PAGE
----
The Capillary Microscope:
Viewing human blood cells & circulation in vivo.
by Peter Abrahams, Portland, Oregon, USA
Zeiss offered a microscope for this purpose in 1930, the "Zeiss finger capillaries examining microscope". The illuminator used aspheric lenses, and the 5 amp arc lamp required a special fluid cell for cooling. The objective is described: "M 8n. A. 0.20".
Leitz microscope catalog V-A (after 1929), offered two models of finger capillary microscopes. Page 91, Small Skin (Capillary) Microscope SC, a simple drum type microscope. Pages 92-3, Large model LC. These included a special photographic objective and 'contrast' filter (green to cut the diffuse red glow?). They could be placed on other areas of skin as well, which was covered with cedar oil to aid transparency.
This catalog includes photos taken with these microscopes, of what looks like several dozen narrow, twisted, dark arches in a foggy matrix. Visual magnification would be about 60 power, and small features are not sharply imaged. The Zeiss microscope is for viewing the 'limbus' (edge) of the nail. The Leitz is for viewing the 'nail-fold' of the index finger. Both manufacturers supplied powerful illuminators, set up as oblique, overhead light sources, with heat filters.
There is a modern video capillary microscope, see: http://www.lawrenz.com/instrcam_en.htm which includes a Laser Doppler Anemometer for measuring blood cell velocity in single capillaries in real time.
Extract from Lewis, Thomas. Exercises in human physiology (preparatory to clinical work). London: Macmillan, 1945. 103p. p39. (See safety notice below.)
Capillary Microscope. To view the human capillaries requires the right apparatus and some patience. The best apparatus is a binocular dissecting microscope, moving freely in a horizontal arc, and having a coarse and fine vertical adjustment; but much can be seen on the stage of an ordinary microscope. The magnification should be from 10 diameters to 50, according to the amount of detail required. An essential adjunct is a strong beam of light, filtered through a dark blue or green screen; and a beam that can be focussed on any desired point; the red rays of the concentrated light would burn the skin, a green or blue light helps to bring the vessels into view.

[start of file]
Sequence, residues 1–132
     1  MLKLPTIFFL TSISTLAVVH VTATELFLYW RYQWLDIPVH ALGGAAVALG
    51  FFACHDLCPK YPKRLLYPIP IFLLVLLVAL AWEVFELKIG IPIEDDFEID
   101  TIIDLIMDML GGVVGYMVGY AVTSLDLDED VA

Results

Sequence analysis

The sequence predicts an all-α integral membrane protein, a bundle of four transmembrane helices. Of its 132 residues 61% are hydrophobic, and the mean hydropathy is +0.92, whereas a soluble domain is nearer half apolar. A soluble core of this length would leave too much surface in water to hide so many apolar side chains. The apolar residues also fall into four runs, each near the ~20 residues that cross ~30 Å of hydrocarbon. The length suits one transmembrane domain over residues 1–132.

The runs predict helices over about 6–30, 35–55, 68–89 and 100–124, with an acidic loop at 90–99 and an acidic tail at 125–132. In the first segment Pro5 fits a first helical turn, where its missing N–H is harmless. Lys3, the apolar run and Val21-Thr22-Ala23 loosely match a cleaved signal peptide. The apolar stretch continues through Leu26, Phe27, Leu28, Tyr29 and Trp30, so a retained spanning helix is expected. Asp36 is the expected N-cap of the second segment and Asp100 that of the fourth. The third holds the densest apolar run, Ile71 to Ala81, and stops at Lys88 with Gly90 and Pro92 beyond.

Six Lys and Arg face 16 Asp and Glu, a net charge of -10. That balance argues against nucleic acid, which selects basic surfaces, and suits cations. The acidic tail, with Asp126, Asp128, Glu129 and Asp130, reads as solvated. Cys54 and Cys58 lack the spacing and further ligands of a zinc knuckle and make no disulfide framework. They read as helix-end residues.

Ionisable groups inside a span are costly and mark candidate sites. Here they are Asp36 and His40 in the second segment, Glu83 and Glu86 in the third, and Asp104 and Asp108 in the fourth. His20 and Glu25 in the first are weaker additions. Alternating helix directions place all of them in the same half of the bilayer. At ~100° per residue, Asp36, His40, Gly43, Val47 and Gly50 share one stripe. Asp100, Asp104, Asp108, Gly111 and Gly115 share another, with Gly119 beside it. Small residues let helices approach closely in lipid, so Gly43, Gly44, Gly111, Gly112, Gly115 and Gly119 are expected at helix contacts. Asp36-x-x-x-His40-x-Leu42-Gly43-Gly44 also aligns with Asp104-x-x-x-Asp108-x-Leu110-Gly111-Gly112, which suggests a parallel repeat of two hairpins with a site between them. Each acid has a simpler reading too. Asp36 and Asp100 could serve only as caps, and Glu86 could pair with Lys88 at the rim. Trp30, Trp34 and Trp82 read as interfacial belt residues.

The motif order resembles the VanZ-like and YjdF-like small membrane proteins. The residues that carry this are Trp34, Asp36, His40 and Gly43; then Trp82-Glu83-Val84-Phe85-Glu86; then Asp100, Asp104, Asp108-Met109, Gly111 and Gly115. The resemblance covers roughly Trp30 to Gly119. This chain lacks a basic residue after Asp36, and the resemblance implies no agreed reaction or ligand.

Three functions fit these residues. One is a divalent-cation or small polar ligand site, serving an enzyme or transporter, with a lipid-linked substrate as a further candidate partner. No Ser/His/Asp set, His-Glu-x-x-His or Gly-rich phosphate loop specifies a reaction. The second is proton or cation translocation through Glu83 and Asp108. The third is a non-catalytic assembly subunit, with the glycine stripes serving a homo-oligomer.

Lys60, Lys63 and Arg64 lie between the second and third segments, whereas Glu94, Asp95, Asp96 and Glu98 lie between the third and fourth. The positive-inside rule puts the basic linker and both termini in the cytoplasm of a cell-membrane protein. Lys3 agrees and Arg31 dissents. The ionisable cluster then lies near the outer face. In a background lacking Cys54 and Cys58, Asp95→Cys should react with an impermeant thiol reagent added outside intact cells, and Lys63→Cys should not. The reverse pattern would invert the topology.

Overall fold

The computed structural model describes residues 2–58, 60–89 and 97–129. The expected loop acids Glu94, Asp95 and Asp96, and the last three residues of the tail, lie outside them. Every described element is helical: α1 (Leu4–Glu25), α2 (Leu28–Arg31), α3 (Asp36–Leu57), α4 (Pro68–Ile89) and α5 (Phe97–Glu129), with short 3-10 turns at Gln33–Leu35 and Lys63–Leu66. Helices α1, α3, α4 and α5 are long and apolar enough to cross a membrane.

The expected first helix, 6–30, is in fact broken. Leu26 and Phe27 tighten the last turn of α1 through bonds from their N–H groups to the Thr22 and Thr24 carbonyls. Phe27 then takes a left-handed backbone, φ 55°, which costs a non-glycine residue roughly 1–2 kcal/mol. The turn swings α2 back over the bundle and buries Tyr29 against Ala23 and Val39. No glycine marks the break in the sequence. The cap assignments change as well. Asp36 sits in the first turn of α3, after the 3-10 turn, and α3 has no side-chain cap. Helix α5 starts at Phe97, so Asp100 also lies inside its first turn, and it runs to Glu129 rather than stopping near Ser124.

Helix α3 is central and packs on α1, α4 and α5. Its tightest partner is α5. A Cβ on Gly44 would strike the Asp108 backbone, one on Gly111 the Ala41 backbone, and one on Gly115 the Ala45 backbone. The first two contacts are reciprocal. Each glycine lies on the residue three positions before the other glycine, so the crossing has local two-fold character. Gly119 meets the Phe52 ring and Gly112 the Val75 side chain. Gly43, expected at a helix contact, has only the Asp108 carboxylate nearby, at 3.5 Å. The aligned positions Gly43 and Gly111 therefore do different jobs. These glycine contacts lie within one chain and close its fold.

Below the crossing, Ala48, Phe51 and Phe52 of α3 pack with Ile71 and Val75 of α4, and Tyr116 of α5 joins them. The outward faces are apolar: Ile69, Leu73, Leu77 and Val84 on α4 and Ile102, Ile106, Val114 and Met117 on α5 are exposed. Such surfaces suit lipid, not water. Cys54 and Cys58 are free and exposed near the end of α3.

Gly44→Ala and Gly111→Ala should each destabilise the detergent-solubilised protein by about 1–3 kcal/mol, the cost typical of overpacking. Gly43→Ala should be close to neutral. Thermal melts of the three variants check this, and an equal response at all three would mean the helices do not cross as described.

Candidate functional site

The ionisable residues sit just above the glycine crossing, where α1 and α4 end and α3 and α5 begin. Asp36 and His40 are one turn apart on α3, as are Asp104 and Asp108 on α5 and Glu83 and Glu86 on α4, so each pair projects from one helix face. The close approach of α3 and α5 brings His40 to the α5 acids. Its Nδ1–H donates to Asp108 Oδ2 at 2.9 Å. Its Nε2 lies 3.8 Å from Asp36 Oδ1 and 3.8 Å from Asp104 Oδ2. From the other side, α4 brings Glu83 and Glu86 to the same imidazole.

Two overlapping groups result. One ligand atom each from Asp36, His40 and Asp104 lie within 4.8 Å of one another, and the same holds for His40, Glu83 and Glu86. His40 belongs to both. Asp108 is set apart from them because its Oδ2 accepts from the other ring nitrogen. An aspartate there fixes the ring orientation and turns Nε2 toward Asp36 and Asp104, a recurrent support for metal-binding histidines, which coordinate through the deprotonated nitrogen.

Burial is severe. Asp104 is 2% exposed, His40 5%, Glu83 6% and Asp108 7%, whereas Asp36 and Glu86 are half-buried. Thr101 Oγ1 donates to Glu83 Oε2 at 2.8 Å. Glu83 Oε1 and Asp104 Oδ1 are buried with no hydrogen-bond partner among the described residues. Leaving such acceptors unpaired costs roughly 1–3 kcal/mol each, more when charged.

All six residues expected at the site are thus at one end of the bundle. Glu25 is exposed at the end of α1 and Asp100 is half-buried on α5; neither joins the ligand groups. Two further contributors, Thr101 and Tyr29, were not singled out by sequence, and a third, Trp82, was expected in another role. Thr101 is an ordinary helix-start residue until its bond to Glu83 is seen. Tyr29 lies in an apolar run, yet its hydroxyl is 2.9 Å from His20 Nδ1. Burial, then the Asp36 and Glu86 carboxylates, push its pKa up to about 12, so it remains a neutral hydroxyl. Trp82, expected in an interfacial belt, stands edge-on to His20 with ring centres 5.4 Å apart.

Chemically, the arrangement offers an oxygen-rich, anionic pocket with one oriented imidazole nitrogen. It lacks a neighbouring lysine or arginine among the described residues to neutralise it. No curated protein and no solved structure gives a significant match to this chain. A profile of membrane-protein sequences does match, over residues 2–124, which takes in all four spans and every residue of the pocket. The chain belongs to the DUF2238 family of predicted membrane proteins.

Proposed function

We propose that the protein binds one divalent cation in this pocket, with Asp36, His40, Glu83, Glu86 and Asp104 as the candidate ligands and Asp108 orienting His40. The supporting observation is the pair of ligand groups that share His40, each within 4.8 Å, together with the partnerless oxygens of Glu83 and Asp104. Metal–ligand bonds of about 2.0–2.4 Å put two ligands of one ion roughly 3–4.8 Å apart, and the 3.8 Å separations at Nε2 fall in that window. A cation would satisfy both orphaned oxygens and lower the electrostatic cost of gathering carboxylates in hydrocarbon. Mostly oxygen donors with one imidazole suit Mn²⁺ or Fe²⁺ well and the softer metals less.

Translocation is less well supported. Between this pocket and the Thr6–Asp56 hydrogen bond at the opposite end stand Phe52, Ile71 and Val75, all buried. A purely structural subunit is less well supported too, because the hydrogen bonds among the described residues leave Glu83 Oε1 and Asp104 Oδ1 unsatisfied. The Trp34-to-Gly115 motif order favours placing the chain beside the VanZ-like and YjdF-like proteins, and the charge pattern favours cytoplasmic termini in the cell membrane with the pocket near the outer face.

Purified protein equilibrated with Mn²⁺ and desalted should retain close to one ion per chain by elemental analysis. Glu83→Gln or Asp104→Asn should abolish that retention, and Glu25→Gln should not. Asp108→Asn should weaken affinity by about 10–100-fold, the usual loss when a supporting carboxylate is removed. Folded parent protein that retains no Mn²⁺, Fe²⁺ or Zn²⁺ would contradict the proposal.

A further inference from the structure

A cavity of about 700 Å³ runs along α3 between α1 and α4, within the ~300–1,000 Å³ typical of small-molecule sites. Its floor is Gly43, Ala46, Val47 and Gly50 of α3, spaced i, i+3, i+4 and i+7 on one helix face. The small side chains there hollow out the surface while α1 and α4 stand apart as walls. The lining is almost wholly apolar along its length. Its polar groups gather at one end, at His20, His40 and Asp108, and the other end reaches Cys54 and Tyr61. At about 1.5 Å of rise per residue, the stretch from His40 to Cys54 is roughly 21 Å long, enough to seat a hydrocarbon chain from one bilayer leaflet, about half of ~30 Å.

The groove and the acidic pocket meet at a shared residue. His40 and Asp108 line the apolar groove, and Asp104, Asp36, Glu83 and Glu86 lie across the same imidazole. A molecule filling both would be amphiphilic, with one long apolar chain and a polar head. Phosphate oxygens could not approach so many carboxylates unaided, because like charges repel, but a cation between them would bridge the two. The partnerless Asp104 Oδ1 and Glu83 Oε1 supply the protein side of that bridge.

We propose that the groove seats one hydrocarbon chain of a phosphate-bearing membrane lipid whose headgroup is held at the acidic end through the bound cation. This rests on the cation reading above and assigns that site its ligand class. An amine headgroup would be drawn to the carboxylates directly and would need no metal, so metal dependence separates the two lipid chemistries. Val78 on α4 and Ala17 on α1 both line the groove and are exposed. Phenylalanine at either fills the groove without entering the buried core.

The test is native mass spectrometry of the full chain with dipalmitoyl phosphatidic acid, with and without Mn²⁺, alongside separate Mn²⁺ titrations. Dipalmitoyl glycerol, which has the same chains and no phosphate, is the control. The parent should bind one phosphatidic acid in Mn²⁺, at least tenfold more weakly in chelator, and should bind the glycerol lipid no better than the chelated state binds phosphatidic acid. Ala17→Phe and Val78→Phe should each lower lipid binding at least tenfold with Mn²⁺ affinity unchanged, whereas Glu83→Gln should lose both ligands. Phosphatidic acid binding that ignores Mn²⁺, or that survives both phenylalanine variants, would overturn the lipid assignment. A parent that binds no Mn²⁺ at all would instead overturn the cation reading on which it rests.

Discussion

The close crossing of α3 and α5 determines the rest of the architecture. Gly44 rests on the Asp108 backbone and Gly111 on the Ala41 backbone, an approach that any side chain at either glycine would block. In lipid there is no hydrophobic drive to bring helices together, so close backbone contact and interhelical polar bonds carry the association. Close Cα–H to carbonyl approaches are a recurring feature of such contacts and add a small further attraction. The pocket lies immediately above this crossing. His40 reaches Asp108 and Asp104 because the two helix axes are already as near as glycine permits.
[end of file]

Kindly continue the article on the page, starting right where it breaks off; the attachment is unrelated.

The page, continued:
The most convenient place to view the vessels is in the skin at the base of the middle or ring finger nail. The horny layer of skin should be allowed to grow forward over the nail for a week or longer, for this brings the loops more at right angles to the line of vision. Decide upon the stand on which the finger is to be placed for examination, the arm and hand being in a quite unstrained position, and arrange a bed of Plasticene® that will gently but securely hold the finger. It is possible but not so easy to examine one's own finger. With a razor blade shave away skin at the base of the nail, cutting parallel to the surface and taking off most of the horny layer without drawing blood. Fix the finger on its stand and place a drop of cedar wood oil or liquid paraffin on the surface to be examined. The microscope should be brought to bear almost at right angles, and the beam of light at about 45 degrees. The first essential is to obtain a view free of light reflex, and this the oil greatly helps. The capillary loops at the base of the nail will be brought to view readily by this means under a low power, and high power may be substituted. Do not be disappointed if the outlines of the capillaries at first seem misty; it is surprising how much improvement of view minor adjustments, better lighting, and especially very close observing will bring.